At our district professionals meeting this week, Bishop Schnase shared a description of our collective responses to traumatic events, a description that some of us heard last year from Rev. John Thornburg of TMF. These apply to events like hurricanes and 9-11, as well as to our more extended pandemic. The stages of response or reaction are: Heroism, when we do whatever is necessary to help out in the initial crisis, solving a ton of problems, all at once. Disillusionment, characterized by fatigue and a sense that none of that heroic effort has actually made a lasting difference. And Turning, or a gradual ability to look ahead, based on having found rest, distance from anxiety, and new and unexpected forms of support.
We noted in our conversation with the bishop that it can provoke a big old eye-roll to talk about “rest” or “distance from anxiety” right now. But we also noted that it’s not about getting rid of anxiety; it’s about finding space in the midst of it. Still hard, but more doable, and maybe something many of us are doing without realizing it.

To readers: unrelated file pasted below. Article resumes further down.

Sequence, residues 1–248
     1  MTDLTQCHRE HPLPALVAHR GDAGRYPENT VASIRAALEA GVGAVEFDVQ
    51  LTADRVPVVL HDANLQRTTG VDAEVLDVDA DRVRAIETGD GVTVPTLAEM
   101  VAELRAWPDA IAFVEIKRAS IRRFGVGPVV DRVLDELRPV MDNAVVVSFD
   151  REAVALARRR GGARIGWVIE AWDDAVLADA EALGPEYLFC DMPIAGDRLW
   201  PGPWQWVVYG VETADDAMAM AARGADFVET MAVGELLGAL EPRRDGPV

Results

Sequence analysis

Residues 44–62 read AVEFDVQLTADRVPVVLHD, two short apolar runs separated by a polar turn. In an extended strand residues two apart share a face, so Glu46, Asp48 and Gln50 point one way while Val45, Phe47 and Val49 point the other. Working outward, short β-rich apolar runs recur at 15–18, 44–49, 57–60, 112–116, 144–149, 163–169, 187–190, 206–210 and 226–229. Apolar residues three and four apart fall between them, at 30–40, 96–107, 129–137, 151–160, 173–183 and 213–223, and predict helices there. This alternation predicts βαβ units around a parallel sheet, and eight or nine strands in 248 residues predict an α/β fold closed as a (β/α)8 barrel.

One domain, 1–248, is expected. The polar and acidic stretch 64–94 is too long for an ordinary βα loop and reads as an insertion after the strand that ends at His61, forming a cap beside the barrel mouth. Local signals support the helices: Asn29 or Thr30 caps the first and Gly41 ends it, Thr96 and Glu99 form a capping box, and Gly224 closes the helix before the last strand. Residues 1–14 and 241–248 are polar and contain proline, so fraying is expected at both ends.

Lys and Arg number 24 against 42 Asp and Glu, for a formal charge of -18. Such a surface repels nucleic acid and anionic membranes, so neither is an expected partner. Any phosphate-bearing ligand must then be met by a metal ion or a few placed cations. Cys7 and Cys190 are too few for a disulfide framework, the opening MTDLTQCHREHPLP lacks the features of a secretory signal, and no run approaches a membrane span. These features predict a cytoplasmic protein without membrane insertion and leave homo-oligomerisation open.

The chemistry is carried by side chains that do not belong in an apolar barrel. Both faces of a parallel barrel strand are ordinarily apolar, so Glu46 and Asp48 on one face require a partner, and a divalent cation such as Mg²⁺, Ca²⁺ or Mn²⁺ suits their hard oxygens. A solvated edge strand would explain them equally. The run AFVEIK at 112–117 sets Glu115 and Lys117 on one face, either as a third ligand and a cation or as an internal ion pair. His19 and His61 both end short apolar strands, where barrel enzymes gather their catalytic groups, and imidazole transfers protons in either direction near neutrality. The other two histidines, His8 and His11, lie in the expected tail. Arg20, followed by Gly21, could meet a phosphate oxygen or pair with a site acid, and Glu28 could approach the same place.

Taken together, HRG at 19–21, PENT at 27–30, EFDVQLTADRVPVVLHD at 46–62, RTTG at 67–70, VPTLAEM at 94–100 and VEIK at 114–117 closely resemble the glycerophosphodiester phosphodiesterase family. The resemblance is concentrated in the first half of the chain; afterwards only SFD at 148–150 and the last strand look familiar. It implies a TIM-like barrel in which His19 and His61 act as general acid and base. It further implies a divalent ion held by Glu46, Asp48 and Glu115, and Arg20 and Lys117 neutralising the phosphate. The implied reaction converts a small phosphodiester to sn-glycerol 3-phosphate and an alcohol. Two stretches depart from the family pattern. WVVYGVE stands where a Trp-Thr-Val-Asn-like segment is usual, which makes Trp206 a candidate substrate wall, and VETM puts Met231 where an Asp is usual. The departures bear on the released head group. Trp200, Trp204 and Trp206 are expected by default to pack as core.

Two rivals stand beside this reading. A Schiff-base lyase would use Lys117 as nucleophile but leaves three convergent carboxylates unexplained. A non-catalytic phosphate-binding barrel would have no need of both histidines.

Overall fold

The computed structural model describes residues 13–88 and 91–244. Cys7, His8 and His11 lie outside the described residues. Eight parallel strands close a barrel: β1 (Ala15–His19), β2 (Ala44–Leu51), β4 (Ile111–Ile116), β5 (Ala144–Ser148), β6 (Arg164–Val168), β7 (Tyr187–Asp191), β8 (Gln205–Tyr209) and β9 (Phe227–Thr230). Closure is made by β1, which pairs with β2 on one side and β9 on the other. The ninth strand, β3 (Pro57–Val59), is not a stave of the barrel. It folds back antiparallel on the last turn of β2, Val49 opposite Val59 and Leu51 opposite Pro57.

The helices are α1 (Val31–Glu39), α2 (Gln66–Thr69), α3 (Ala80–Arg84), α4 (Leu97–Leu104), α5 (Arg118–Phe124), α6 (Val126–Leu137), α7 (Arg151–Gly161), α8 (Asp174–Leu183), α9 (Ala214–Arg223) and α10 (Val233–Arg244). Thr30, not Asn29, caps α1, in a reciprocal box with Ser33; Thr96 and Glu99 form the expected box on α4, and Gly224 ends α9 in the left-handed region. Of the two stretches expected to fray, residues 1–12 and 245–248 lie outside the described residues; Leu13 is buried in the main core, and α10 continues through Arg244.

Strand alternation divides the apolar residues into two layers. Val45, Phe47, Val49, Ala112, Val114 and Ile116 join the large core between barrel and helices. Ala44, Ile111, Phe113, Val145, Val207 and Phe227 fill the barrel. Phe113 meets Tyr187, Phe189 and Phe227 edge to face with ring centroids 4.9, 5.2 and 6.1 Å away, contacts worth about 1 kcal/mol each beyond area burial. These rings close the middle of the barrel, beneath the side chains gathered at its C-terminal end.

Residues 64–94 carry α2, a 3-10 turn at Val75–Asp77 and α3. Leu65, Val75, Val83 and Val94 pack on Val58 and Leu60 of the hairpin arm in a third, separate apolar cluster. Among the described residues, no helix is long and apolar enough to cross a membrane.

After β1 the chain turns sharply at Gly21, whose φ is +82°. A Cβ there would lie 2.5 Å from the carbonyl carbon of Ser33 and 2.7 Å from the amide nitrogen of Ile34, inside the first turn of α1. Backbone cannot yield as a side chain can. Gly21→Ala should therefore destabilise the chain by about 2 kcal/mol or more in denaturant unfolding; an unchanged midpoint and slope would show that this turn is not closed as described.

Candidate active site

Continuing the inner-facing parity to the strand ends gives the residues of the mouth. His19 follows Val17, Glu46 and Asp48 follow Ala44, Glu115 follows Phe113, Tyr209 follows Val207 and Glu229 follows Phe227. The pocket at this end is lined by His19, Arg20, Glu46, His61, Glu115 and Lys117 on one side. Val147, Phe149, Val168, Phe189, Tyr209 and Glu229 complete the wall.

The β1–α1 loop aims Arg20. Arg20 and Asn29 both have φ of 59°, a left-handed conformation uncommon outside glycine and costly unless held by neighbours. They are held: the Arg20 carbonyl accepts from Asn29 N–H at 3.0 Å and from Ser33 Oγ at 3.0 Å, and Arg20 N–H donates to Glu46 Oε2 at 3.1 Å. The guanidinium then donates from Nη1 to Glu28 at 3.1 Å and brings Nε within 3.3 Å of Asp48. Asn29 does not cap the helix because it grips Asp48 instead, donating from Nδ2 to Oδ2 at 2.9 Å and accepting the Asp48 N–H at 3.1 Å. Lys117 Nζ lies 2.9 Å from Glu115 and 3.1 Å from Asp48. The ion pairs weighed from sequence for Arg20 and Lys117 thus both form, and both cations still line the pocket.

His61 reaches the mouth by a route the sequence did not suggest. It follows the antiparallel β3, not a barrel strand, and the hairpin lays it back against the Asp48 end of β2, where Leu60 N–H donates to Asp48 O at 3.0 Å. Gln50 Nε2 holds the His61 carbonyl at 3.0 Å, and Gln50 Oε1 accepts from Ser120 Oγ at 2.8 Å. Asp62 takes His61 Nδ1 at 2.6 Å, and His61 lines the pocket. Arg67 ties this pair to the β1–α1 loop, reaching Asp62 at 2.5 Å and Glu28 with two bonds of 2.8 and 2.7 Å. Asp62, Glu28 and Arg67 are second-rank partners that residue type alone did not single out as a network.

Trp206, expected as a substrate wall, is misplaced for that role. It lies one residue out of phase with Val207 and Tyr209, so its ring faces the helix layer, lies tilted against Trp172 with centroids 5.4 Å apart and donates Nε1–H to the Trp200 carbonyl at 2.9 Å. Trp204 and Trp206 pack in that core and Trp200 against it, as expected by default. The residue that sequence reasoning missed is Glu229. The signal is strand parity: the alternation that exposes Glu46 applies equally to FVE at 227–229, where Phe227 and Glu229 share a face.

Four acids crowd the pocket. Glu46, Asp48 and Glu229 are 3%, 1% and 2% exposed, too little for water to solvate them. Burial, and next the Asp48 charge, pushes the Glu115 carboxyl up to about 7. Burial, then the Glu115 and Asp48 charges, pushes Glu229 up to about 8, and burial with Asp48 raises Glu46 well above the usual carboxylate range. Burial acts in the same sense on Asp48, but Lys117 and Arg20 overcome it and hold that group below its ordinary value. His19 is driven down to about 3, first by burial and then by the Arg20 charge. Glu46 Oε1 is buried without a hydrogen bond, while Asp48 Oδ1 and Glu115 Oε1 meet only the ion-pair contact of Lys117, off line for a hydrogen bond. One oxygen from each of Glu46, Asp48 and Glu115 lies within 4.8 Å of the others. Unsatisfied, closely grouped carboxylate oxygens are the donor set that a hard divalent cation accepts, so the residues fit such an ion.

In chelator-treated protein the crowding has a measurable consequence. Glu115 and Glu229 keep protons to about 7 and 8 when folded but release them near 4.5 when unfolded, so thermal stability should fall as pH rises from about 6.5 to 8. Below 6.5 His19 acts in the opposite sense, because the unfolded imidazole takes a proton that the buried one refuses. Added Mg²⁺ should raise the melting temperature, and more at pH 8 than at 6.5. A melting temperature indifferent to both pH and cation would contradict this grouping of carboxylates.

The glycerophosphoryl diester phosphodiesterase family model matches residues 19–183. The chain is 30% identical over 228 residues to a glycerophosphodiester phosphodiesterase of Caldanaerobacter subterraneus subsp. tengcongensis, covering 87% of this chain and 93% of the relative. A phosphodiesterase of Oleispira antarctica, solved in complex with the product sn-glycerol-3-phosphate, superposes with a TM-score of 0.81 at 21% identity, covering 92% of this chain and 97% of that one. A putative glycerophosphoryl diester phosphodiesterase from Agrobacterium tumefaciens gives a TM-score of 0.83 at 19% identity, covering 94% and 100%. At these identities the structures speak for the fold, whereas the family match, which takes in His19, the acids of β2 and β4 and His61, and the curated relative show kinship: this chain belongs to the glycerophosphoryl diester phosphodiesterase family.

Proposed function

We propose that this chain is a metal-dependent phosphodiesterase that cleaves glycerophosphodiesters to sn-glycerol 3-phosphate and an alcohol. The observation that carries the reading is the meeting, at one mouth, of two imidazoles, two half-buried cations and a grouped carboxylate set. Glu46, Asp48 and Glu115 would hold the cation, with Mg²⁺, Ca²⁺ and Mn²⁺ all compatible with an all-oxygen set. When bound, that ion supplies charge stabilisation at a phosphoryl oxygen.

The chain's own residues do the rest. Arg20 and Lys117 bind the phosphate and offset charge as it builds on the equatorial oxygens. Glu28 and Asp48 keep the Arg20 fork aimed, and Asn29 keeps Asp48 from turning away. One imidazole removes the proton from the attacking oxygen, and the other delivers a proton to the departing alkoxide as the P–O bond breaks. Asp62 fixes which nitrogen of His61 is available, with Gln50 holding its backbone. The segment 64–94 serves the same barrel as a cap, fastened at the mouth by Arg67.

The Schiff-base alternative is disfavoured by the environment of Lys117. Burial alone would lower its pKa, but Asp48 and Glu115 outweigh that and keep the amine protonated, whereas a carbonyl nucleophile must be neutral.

For me, one of the unexpected joys in my life has been the birdbath in my back yard. I brought it with me from San Antonio, where I hauled it out from behind the bushes when I heard the bishop (an expert birder) say that during much of the year, birds need access to water way more than food. I had always thought of birdbaths as only good for breeding mosquitoes. But now I keep mine filled with fresh water, scrubbing it out now and then, and it’s become a beautiful spot in my life. One morning last weekend, no fewer than 7 kinds of birds and one squirrel visited, all drinking in different ways, some getting in the water and fluffing around. They don’t always come, but I love waiting for them to do so, and I feel like I’m watching a miracle when it happens.
Does the birdbath protect me from all anxiousness? Not exactly. But it does give me a respite, and the nature of that time can change the rest of my day. This isn’t one more prescription, one more thing to add to an already-burdened day. It can be, though, an invitation to look around, seeking the gifts of grace God is seeking to give us, to help us through. The other thing I think of is the privilege that allows me to sit and be still. Part of the life of faith must be to work for struggling, hurting people to have room for those moments as well. How can we and our churches be the new or unexpected support somebody might desperately need for their own turning?
I’m glad to be in this with you. It matters deeply that we are not alone.